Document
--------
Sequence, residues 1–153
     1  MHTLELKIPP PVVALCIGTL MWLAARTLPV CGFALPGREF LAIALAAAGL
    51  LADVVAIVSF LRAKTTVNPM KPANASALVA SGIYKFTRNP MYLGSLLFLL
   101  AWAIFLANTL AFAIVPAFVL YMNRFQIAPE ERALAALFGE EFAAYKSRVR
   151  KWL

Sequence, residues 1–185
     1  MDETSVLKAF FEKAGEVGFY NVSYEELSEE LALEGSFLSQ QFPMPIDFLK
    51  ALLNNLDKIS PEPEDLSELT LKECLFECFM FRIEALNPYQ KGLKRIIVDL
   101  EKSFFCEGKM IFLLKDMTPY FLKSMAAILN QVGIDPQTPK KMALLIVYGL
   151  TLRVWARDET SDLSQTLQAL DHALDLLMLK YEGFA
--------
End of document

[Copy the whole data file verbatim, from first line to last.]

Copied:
Sequence, residues 1–153
     1  MHTLELKIPP PVVALCIGTL MWLAARTLPV CGFALPGREF LAIALAAAGL
    51  LADVVAIVSF LRAKTTVNPM KPANASALVA SGIYKFTRNP MYLGSLLFLL
   101  AWAIFLANTL AFAIVPAFVL YMNRFQIAPE ERALAALFGE EFAAYKSRVR
   151  KWL

Sequence, residues 1–185
     1  MDETSVLKAF FEKAGEVGFY NVSYEELSEE LALEGSFLSQ QFPMPIDFLK
    51  ALLNNLDKIS PEPEDLSELT LKECLFECFM FRIEALNPYQ KGLKRIIVDL
   101  EKSFFCEGKM IFLLKDMTPY FLKSMAAILN QVGIDPQTPK KMALLIVYGL
   151  TLRVWARDET SDLSQTLQAL DHALDLLMLK YEGFA